Cypress Semiconductor Corporation makes the processors and chips that go into computers, phones, and other integrated electronic devices. Cypress' product portfolio has two segments. First, there are commodity products for timing and communication - an example is a USB controller integrated into a mouse or a digital camera, allowing communication between the device and a computer. Cypress also sells newer programmable chips that can conduct multiple tasks at lower cost since they combine functionalities spread across multiple chips. These newer devices can compute and communicate for devices such as mp3 players, laptop computers, and other household appliances. The majority of Cypress' revenues still come from the legacy business, although the company's focus is to develop the higher-margin programmable chip business.
From a manufacturing standpoint, the majority of Cypress' work is conducted in-house, with only a small portion outsourced to foundries, in contrast with many competitors such as QUALCOMM (QCOM) or Broadcom (BRCM) that have switched to "fabless" outsourcing to foundries. This leads to a higher cost structure for Cypress, since it must handle its own manufacturing. However, it also means it does not have to invest capital into designing processes and products that meet foundry requirements for outsourcing.
In 2009, CY incurred a net loss of $150.4 million on total revenues of $667.8 million. This represents a 47.2% reduction in net loss on a 12.8% decrease in revenues from 2008, when the company lost $284.9 million on revenues of $765.7 million.
The company is organized into three main segments and SunPower (a majority-owned subsidiary offering solar power products).
This segment makes general purpose timing products, USBs and programmable systems on chips (PsoCs). 
This segment makes data communications devices for wireless handsets and video systems.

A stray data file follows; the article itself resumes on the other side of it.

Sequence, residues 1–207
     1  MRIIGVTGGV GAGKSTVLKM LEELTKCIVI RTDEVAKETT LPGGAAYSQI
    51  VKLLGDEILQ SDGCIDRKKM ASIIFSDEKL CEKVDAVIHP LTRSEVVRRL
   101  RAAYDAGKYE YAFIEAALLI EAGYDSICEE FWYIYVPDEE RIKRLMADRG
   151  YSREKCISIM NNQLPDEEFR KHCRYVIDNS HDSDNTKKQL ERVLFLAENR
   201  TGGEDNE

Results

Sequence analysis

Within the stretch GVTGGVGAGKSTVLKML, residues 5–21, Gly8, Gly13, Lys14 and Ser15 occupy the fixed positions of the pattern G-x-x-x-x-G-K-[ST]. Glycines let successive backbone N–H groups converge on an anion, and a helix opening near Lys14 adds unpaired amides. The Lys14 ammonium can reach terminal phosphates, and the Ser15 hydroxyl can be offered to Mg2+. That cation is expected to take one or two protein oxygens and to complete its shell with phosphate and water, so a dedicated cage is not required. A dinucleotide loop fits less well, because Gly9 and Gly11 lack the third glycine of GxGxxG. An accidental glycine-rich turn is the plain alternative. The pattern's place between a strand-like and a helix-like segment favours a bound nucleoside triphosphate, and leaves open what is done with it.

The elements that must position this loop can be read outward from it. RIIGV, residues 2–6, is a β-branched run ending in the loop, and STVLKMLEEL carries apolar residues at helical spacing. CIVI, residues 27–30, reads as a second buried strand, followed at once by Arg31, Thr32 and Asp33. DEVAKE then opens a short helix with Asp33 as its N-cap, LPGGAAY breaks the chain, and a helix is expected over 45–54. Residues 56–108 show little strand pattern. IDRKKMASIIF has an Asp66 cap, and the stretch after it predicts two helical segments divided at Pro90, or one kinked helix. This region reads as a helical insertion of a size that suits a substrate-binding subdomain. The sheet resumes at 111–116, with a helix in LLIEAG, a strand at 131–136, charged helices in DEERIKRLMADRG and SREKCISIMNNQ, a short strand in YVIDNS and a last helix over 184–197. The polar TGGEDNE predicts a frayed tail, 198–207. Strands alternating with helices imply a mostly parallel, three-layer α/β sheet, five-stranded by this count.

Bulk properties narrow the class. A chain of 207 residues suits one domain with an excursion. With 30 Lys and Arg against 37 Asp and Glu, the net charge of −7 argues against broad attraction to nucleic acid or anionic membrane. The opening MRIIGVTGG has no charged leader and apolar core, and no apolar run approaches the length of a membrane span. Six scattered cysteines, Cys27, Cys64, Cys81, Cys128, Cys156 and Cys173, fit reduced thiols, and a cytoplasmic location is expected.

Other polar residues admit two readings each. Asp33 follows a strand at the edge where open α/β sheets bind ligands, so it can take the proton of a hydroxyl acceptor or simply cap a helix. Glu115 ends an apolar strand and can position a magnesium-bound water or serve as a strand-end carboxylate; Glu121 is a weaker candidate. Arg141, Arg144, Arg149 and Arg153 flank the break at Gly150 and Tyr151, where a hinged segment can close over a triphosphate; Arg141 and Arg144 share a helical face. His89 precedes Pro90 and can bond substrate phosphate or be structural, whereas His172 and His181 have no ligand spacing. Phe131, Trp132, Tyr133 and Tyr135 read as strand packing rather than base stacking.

This segment offers SRAM memory and image sensors. 
This segment incorporates the operations of Cypress Envirosystems, AgigA Tech, Optical Navigation Systems, Chinese operations, and various corporate operations.
Management has been attempting to shift the product mix of the semiconductor business towards programmable chips which can do the work of several non-programmable chips. For example, the Programmable System on a Chip system (PSoC) allows for as many as 100 functions on one chip, saving customers design time, space, power consumption, and system cost. The Programmable Radio on a Chip system (PRoC) integrates PSoC with a wireless USB radio. As consumers demand more sophisticated devices, with better battery life and smaller size, manufacturers are turning to innovative products such as CY's to offer advanced capabilities in smaller devices. For example, many of Apple's iPod Nano's components are sourced from Cypress. However, this market segment is still relatively immature and fragmented, and a number of other companies are offering competing integrated systems.
Semiconductors underpin many of the consumer electronics in the industrialized world. These range from smartphones and mp3 players, to smart appliances like newer TV's and laundry machines. This correlation with the macro-economy makes Cypress susceptible to economic boom and downturn. This is compounded by the significant capital expenditure required to create the product, as well as a short product life due to R&D making old parts obsolete. The vast majority of Cypress' semiconductor business are considered commodity products, with the exception of the PSoC business mentioned above, which accentuates the company's vulnerability to lower-priced competitors. For more information on semiconductor chips, see the Semiconductor Cyclicality article.
Rising prices of silicon have fueled a search for alternative materials in both the semiconductor and solar photovoltaic industries. While there is no immediate alternative to silicon for semiconductors, thin-film's rise has fueled growth expectations for competitors such as First Solar (FSLR). Cypress' margins have not been significantly dented by the price inflation, but continued price inflation will put pressure to either hurt margins or raise prices.